Wireless Rearview Camera for Your Car

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Look in your rearview mirror and you can see whatever's at the level of the mirror. What you (actually, me, in this case) might be wondering is if there's something--or someone--where you can't see it.

I've been intrigued with advertisements for cameras that mount on the rear of the vehicle ever since I bought a used Roadtrek. The Roadtrek's a small RV and it's longer than an average van. Seeing out the back window isn't easy.

I had the chance to try Roadmaster's VR3 Wireless Backup Camera and even though it was a pain to install, I'm glad I have it.

The Color Camera

The outfit comes with a 2.5-inch LCD wireless color monitor that you mount on the dashboard or a sun visor. The monitor has controls for brightness and contrast as well as a toggle that lets you change the view from a normal image to a mirror image. The mirror image is best because it replicates the view from your rearview mirror.

The kit comes with a small holder for the monitor with double-sided sticky tape. I still haven't decided exactly where to mount it, and I suggest you try it in a couple of spots before finding a permanent home. Once I know where it goes, I'll probably drill holes on the mounting device and screw it to the dashboard rather than use the tape.

Time Out: Some of you don't give a rat's patootie about wireless rearview mirrors, so here's something you probably can't use unless you're a super geek. The tool's WhyReboot, and it's a little utility that shows what file operations are allegedly necessary after you install a program. It's not earth-shatteringly useful, but serves to satisfy your curiosity.

Making the Power Connection

The Roadmaster camera gets its power in one of two ways: You can plug it directly into what was once known as a cigar lighter (that changed in the sixties to a cigarette lighter; now it's a power outlet) using a 12-volt adaptor. A better way is to grab power directly from the vehicle's fuse box.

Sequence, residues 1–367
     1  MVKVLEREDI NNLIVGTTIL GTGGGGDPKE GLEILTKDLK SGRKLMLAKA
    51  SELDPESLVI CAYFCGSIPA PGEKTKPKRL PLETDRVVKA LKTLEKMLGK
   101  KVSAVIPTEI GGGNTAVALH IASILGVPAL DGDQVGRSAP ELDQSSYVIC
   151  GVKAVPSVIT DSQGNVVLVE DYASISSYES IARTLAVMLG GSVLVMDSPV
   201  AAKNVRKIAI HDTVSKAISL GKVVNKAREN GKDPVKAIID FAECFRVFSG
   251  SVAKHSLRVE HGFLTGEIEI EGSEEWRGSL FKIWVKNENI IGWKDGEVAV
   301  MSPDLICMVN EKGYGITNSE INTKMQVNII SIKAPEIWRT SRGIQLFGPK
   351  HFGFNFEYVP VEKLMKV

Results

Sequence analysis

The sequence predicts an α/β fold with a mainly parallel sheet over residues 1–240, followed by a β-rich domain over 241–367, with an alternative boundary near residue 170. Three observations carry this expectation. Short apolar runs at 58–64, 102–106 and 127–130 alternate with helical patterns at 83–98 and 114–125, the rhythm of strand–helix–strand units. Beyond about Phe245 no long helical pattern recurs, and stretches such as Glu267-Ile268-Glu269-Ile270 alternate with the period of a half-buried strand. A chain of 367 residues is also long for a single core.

I thought I could do it, Hell, I can stick my fingers into the Windows Registry, so this should be easy. (Silly me.) I took the manual and the wiring, and dropped under the dashboard. After fiddling for 10 minutes, I decided to trade Mike the mechanic $20 and an answer to any one of his computing woes to do the wiring. Unless you're handy, I suggest you factor that cost into the price.

The License-Plate Camera

The camera mounts along the top or bottom of the license plate. Power for the camera also has to be hard wired, something I left for Mike.

When you or the mechanic install the camera, you have two options: Have the camera and monitor operate only when you shift into reverse, or have it work all the time. Mine's set for shifting into reverse, but if you ever tow another vehicle, you'll probably prefer it be on all the time.

The Good and the Bad

I've used the VR3 Wireless Backup Camera for a few months. It definitely gives me another, better view of the back end of the Roadtrek.

But my fantasy was that I'd have a very wide view behind the van, so if I backed into a parking spot or camping site, I'd see everything. With a 110-degree horizontal viewing angle and an 80-degree vertical angle, it's adequate, but not spectacular.

Another problem is the camera will occasionally act like, well, a wireless device. The gizmo picks up interference and I'll see horizontal lines rolling across the screen; every so often the image will just disappear.

You can pay full retail for the Wireless Backup Camera--$140--on Roadmaster's site, but I've seen it as low as $60 at Costco.

Dig This: I definitely want to play with MIT's new user interface--and want one if it's ever released. [Thanks, Leo.]

Dig This, Too: Do you ever have one of those days when you get a blue screen of death and can't quite remember what to do next? This guy came up with a novel, and to some, smart idea. He tattooed the instructions--and just in case, the fatal error memory location--onto his arm.

And Dig This: Halloween's almost around the corner--it isn't, I know, but those corner buy-your-pumpkin-now lots are starting to spring up in Pasadena's 108-degree weather. But I digress. The LOTR geek in my copy editor's frontal lobe is all excited about the WETA workshop site. Take a look and you'll learn more than anyone should about the Lord of the Rings special effects.

Calling Steve Bass

Many of you are perturbed that the newsletter's missing my strange end-of-the-newsletter ditty. Here goes:

Hey, I know you're not getting the whole newsletter in e-mail (me, either), but it's still an a decent read, no? So how about it? Pitch my newsletter. You get a commission and I get a circulation boost. (That's right, I'm lying--but I got your attention, if even for a nanosecond.) The subscription page is right here.

Steve Bass writes PC World's monthly "Hassle-Free PC" column and is the author of PC Annoyances, 2nd Edition: How to Fix the Most Annoying Things About Your Personal Computer, available from O'Reilly. He also writes PC World's daily Tips & Tweaks blog. Sign up to have Steve's newsletter e-mailed to you each week. Comments or questions? Send Steve e-mail.
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